Patch Baker:
Yeah. True.

Jason Drohn:
... typically, so a bunch of video is required or a bunch of face-to-face or whatever's required for high levels of cash. The ascension model, love it. So you use basically like a low-ticket for $4.99 whatever buyer, and that's the entry point into your world. And then you march them up through some low-ticket offers and some affiliate stuff, which is... So the affiliate side, not many people get it anymore.

I grew up on it and you grew up on it, but now it's like with... Everybody was selling $2,000 courses and giving me 50% commissions on stuff, but now they don't do it anymore. So you have like Amazon's affiliate program and Commission Junction and stuff, gives you a little bit of money. But the ascension model is fantastic for converting cold traffic and turning them into buyers who then know they can trust you, love you, and then they end up ascending into some sort of an upper end something rather than-

Patch Baker:
You know what else it does? I've coined the phrase, Zoomies. Zoomies are like the tire kickers of Zoom. They go to every webinar, they go to every Zoom call, but they're just kicking tires. They're not actually interested in buying anything. Attack of the Zoomies is they'll get in mid 2020. All right?

What the ascension model also does for me, it tells me that the only way that they got to a Zoom call with me was they've already bought, I'm talking to a past purchaser.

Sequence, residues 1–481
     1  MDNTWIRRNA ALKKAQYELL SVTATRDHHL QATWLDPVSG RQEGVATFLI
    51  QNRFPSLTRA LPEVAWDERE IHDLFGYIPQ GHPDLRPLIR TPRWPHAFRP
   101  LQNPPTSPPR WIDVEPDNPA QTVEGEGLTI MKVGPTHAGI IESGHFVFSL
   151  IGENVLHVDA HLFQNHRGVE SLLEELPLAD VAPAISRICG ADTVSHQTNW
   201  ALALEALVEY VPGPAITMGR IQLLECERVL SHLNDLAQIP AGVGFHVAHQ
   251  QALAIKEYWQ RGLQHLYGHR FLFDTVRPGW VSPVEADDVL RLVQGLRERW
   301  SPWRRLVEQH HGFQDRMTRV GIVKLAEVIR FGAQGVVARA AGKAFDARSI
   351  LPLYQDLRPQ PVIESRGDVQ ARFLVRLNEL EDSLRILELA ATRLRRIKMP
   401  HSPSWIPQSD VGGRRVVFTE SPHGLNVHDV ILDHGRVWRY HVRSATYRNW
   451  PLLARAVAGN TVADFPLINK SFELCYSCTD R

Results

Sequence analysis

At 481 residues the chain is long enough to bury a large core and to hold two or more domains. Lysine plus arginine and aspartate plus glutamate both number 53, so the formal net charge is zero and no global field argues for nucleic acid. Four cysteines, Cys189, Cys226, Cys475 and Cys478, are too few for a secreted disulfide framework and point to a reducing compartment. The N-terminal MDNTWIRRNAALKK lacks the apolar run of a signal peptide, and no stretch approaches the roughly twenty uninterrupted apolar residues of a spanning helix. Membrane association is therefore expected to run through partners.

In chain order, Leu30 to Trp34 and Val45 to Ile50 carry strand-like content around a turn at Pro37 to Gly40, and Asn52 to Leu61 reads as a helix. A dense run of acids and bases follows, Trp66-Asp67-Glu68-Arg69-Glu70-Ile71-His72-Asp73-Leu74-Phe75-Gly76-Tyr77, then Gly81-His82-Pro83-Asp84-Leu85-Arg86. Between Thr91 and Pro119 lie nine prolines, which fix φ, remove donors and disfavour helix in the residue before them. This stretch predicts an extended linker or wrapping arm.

Jason Drohn:
Yeah.

Patch Baker:
Which means they're not just tires kickers, which means that I can spend a little more time on them and they've already paid for my time in most cases.

Jason Drohn:
Yeah. Totally.

Patch Baker:
The collective whole has paid for my time to be on that 50 minute call.

Jason Drohn:
Right. Right.

Patch Baker:
Which is different. Just booking a cold video call for an hour? That's another thing. Dude, people will book your time out like it's nothing-

Jason Drohn:
Oh yeah.

Patch Baker:
... and then not show up 10 minutes before.

Jason Drohn:
Yeah.

Patch Baker:
And it's not just that they... Thank you for the email that said you're not going to make it 10 minutes before, but now I can't book out that hour.

Jason Drohn:
You're right. You end up losing twice.

Patch Baker:
You lose twice, that's right. That's right. And people just don't care, so I broke it down and said, "Look, you don't get me for an hour." I may get on a 15 minute phone call and decide that you get another hour.

Jason Drohn:
Right.

Patch Baker:
Right? Because you proved some kind of worth to me or some kind of value or that you're serious about what you're talking about and then we'll get on for an hour, but I don't book out hours anymore at all, ever. I think the first time that we talked, we got like 15 minutes and I said, "Let's book another call."

Jason Drohn:
Yeah, you did. Yeah, it was.

Patch Baker:
Yeah.

Jason Drohn:
You share your screen a lot on these face to face sales calls, right?

Patch Baker:
Oh, for sure.

Jason Drohn:
So what do you share on your screen for instance?

Patch Baker:
Yeah. We all understand how case studies work, right? You typically send out a PDF case study and you expect people to read it. They don't read that stuff, but if I share my screen and I go through the case study, and I directly apply that case study to their business, it is so powerful.